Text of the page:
Another helpful and health-full tip is to look for excessive ear wax or sticky discharge in your pet’s ears. If there is a strange smell or any swelling, monitor it to see if it goes away naturally over time. If not, it’s best to consult your vet. If your pup is scratching its ears more than normal, that's also something to pay attention to.
It’s also important to clean your dog's ears from time to time. Using a cotton ball or pad around your index finger, gently wipe away any dirt or discharge from the visible part of your dog's ear canal and outer ear. Be sure to get at any of that excessive ear wax. We know it’s not the most enjoyable job in the world (for you or your pup), but it can really help your dog stay healthy and infection-free.
6. Claws and effect
If your pet is in pain it could stop them from being their wonderful, energetic self - so be sure to take a good look at your dog's paws and claws every now and again. Overgrown nails could grow right around and become embedded in the pad. This is super painful for a dog and could cause a lot of discomforts.
Be sure to give their pads a thorough inspection too. Are they cracked or torn? Is there swelling or redness between the toes? If there is a musty odour, that’s also never a good sign.
Your pup always knows what’s up
A lot of the time our animals actually try to tell us what’s wrong with them and do little things to show us how they feel, but we just don't notice. Pay attention to any small changes in your pet’s behaviour. They might be less playful and a lot more subdued. If they stop eating or going outside as much, that could be an indicator that something’s up.
You have the best relationship with your pet out of everyone, so you’ll be the most likely to feel if their energy or temperament is off. Any change in mood or behaviour could be a good sign that you should run through the six-step checklist again and if you spot anything concerning, make an appointment with your vet.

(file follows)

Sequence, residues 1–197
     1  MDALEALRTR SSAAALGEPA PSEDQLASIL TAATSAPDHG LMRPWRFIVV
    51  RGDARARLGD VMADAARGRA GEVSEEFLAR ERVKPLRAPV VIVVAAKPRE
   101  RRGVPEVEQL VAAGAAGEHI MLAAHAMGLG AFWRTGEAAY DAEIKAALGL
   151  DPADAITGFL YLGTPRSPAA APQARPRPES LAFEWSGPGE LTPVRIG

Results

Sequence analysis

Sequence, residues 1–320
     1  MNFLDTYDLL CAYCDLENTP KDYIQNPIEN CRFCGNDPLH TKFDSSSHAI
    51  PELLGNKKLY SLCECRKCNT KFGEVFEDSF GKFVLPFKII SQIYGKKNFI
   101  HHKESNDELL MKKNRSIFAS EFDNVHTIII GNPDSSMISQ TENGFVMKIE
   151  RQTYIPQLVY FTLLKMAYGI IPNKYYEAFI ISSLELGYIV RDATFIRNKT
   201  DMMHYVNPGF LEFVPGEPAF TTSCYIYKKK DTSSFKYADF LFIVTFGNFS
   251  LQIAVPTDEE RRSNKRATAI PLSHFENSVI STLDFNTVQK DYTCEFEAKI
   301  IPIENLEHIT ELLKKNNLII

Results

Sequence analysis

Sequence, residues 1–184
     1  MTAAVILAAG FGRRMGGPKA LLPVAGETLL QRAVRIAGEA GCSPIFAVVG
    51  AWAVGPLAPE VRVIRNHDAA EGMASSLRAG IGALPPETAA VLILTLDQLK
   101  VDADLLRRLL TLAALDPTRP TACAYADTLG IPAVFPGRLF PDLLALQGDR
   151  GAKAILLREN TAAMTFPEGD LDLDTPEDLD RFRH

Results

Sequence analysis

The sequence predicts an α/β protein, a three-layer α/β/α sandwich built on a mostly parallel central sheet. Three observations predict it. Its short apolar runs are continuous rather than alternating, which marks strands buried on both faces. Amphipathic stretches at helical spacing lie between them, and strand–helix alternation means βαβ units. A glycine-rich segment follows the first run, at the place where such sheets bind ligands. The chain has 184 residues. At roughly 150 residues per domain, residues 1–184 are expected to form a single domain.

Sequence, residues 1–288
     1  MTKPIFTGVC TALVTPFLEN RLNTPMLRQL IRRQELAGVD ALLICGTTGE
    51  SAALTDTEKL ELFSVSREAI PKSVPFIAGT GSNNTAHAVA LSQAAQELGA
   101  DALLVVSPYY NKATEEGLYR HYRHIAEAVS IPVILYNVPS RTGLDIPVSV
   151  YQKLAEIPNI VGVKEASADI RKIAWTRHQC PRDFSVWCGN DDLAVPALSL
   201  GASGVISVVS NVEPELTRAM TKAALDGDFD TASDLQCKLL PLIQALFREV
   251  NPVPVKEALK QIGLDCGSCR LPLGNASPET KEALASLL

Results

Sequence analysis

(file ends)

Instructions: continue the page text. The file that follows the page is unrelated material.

Some positively pawsome tips
If your pet does need to take a pill or some kind of medication to help with any of the issues above, it’s always easier to have some tricks up your sleeve. Dogs will generally have a nibble on anything - from their canine kibble to your left shoe - but there is nothing dogs hate more than taking their medicine. Why not take a leaf out of the old book of tricks and hide the medicine in some treats or small pieces of food? This should make the daily routine a lot more bearable for both you and your pup.
We also know that things can get tricky during the lockdown, especially when you have a playful pup who hasn’t been able to go outside and burn some of that energy for these past few weeks. Now, with the new level 4 restrictions, you can at least take your dog for a fun walk outside. While this is a great change, the chances are that you’ll still be spending the majority of the day inside together as this level of lockdown continues and exercise times are restricted. To keep your pet in good spirits and stop yourself from going insane, check out this short blog on how to keep your pets entertained during the lockdown.
Your pet is our priority
If you’re tired of all those extra costs hounding you, look no further! Finding the perfect pet insurance doesn’t have to be a hassle or a strain. We make healthcare quick, easy and painless. With our variety of prices and plans, we’re all about maintaining your health and saving you unnecessary costs. It’s paws-itively perfect for your pocket and your peace of mind.
We also instantly process claims for vet visits and routine care. That means zero paperwork! Just upload an image of your invoice through the app. So what are you waiting for? Get your fabulous furry friend the best healthcare cover today.
P.S. If you want to share your favourite healthcare tips and tricks for looking after your pet during lockdown, we’d love to hear from you. Drop us a comment on our Oneplan Instagram or Facebook account.